The Hub launched with a core mission of getting Canadians thinking about the future. We’ve been stuck in the doldrums, pessimistic and polarized, for too long. To lay out a roadmap for the next 30 years of Canadian life, we asked our contributors to pinpoint the most consequential issue, idea or technology for the country in 2050. This series of essays by leading thinkers will illuminate Canada’s next frontier.
Of the many modern miracles that humanity has leveraged to build our civilization, fossil fuels surely rank near the top of the list.
Fossil fuels have been the backbone of industrialized society, providing us with cheap, reliable energy that has helped us achieve an unprecedented level of prosperity.
And yet, our dependence on burning hydrocarbons to generate energy has come with some unwanted side effects. We’ve raised the concentration of carbon dioxide in the Earth’s atmosphere to the highest level seen in 3.6 million years, and increased the average surface temperature of the Earth by about 1.2 °C, relative to pre-industrial levels.
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In Canada, climate change is increasing the risk of things like lyme disease, wildfires, and droughts, while also posing risks to biodiversity. And this country is warming at twice the global rate. Already Canadians are feeling the effects of all that greenhouse gas.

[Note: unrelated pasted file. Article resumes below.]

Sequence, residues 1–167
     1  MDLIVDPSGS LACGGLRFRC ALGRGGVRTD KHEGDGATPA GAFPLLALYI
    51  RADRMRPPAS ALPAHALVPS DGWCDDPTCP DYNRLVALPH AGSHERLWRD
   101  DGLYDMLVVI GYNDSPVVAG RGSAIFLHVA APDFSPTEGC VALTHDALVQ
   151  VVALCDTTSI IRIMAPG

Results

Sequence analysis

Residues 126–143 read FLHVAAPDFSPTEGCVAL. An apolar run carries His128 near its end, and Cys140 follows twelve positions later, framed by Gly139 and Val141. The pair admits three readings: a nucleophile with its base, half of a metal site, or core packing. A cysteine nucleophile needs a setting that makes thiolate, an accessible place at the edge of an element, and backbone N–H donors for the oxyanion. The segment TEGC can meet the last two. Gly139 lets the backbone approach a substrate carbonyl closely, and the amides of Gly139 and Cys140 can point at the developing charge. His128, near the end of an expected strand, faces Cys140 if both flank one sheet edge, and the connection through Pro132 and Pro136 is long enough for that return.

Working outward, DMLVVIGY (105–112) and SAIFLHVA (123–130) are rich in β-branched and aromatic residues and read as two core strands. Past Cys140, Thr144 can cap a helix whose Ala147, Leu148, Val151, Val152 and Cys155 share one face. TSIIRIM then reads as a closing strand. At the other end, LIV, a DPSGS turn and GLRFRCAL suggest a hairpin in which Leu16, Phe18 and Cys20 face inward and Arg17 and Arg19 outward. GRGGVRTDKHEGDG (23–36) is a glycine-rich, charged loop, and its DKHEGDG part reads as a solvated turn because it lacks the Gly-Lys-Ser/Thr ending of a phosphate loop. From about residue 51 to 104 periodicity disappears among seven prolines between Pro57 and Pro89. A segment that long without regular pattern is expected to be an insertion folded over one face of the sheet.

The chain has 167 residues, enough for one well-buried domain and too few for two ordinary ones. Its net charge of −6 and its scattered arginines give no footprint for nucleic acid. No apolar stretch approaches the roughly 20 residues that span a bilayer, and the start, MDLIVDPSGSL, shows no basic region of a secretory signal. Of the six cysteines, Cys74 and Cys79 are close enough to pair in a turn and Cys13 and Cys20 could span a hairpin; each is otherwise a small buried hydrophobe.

Sure, some effects of climate change in this country may be positive — like longer growing seasons in some regions. But that may be offset by droughts, flooding, and other extreme weather.
Even if the impacts on our planet don’t concern you, the impacts on our economy should. The Bank of Canada has identified climate change as one of the biggest risks facing the Canadian economy. Canada could be $100 billion poorer by 2050 if we don’t do more to halt the advance of climate change.
Global investors are making it clear that they will be redirecting capital to low-carbon business in the coming decades. Insurance companies are warning that climate change could lead to much higher premiums, and may even make some homes uninsurable.
The economic risk for Canada is particularly acute given our position as one of the world’s largest producers of oil and gas. The sector directly added $114 billion to the national economy in 2019, and supported more than 176,000 jobs. The low-carbon transition must respect the need to maintain good jobs and a strong economy.
The scale and speed of the transition needed to avoid crossing climate red lines is hard to fathom. Reaching net-zero emissions by 2050 requires the world to not only sustain the extraordinary emissions reductions we achieved during the pandemic, but to continue reducing emissions at that same rate every year for the next three decades. Never mind that Canada’s emissions remain stuck at the same level they were back in 2000.
If those challenges weren’t stark enough for Canada, here’s another — the fight against climate change threatens to destabilize Canada not just economically but also politically, pitting a range of interests against each other in tensions that are often simplistically characterized as East against West, rural against urban, indigenous versus non-indigenous.